Oddly, I think it is a status thing. Mostly, players want to prove that they have the biggest... province. DMs seem to fall for this too; the amount of times I see the major NPC lands ruling their highest province instead of lowest is even more common than the players.

    Myself, as long as I know that I am not ticking off some wizard, I will always go for the low province. Now if only I could make my rolls! However, I like your suggestion of having the wizard able to oppose the roll. It goes towards helping... somewhat. The problem is, while you have increased the DC, you still haven't increased the cost, nor the benefits for a higher level province. So, it is still more advantageous to rule the lower level province. Especially considering that often, those lower level provinces are rolling hills, and thus have a max source rating of 5.

    Consider your own example of Diemed. Tier matches Moere for DC if you allow the wizard to oppose, but Tier costs 2 GB to make the check... yet still results in the same 1 GB bonus to income should the check succeed.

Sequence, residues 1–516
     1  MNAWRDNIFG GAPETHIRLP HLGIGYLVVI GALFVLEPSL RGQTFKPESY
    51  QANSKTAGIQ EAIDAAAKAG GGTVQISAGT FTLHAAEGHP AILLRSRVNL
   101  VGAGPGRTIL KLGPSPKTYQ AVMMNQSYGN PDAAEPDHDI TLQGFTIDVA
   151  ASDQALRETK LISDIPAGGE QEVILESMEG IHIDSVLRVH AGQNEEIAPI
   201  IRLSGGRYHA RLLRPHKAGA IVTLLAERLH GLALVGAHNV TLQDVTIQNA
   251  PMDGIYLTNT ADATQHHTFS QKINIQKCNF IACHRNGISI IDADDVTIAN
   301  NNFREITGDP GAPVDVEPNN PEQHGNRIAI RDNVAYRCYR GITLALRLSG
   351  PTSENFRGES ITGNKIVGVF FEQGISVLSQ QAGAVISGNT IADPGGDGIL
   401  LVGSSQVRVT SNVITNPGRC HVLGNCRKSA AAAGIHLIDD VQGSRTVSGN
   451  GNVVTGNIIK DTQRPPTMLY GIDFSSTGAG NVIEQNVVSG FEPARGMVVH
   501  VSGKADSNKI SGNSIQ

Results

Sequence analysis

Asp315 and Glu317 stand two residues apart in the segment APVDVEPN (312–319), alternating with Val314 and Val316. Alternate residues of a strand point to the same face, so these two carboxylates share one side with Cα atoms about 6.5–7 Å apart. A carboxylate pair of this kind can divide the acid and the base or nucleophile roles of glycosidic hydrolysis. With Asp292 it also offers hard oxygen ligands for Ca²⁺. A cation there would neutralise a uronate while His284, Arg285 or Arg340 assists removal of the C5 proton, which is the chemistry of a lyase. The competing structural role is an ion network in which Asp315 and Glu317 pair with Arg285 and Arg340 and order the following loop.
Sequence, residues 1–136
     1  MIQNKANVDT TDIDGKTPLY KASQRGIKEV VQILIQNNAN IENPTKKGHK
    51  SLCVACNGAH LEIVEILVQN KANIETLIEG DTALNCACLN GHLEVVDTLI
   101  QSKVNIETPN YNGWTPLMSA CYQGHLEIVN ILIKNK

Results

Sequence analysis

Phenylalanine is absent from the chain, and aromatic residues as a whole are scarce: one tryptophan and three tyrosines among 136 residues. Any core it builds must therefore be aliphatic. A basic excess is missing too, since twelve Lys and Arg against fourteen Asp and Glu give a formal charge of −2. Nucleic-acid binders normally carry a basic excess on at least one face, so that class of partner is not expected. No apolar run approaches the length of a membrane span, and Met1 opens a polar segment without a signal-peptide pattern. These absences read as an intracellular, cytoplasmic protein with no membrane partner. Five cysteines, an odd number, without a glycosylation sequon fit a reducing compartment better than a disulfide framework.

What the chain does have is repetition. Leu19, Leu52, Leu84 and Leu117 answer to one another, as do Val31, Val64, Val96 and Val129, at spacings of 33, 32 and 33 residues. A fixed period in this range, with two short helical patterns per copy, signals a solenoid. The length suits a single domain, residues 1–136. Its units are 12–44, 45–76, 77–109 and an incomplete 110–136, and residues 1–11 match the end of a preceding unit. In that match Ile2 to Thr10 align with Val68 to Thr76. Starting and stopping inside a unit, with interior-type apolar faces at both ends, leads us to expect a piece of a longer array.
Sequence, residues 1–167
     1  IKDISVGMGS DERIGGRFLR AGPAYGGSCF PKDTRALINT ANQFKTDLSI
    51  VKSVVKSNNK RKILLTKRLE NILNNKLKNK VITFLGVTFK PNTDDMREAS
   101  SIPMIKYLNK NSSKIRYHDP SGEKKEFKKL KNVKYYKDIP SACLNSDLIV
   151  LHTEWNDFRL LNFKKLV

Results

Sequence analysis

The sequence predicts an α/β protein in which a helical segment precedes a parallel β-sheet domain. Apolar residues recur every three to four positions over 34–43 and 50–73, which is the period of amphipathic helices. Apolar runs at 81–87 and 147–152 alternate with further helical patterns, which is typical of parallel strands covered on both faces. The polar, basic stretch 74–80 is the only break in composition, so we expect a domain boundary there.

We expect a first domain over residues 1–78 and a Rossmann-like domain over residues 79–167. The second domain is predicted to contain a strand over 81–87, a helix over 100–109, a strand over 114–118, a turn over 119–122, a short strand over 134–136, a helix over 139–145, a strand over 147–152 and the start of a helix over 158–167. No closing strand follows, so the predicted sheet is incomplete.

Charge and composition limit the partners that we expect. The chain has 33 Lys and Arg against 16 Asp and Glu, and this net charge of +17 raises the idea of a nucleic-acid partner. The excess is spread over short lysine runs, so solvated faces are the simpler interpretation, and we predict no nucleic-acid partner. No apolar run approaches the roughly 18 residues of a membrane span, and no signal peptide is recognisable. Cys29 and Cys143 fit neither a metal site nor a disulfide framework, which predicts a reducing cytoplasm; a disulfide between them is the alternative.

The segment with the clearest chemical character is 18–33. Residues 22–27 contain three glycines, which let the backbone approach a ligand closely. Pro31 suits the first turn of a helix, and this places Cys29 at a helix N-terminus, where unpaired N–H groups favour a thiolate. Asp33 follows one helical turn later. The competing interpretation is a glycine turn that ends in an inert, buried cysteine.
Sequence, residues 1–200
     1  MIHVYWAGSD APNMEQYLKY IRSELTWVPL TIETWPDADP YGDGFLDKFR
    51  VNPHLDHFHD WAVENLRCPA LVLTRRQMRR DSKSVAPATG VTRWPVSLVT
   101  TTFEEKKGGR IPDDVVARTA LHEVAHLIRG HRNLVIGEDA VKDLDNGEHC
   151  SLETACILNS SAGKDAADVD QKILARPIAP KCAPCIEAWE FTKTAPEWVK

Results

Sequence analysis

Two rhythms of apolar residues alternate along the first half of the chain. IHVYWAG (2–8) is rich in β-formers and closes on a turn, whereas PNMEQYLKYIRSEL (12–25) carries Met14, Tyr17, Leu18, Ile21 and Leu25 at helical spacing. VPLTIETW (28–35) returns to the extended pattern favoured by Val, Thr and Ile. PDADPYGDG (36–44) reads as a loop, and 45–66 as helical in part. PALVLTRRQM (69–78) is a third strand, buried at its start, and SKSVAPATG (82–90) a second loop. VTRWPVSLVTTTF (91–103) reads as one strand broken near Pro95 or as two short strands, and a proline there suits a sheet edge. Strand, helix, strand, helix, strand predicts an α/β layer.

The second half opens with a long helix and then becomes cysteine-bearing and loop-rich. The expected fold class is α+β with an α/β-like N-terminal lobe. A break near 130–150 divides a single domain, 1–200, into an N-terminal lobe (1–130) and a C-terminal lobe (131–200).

It's a step in the right direction, I grant, but still; can anyone justify to me, truly, why they NEED a level 10 province anyways? Other sections of this forum have bemoaned how easy it is to get a province there.... but why would you bother?

  9. #9
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    You only bother with ruling your level 10 province rather than ruling up a lot of lower level provinces, because you can then present and say you got the bigger one... It's not like in 2e a matter of the larger provinces being more profitable, which I feel is a shame.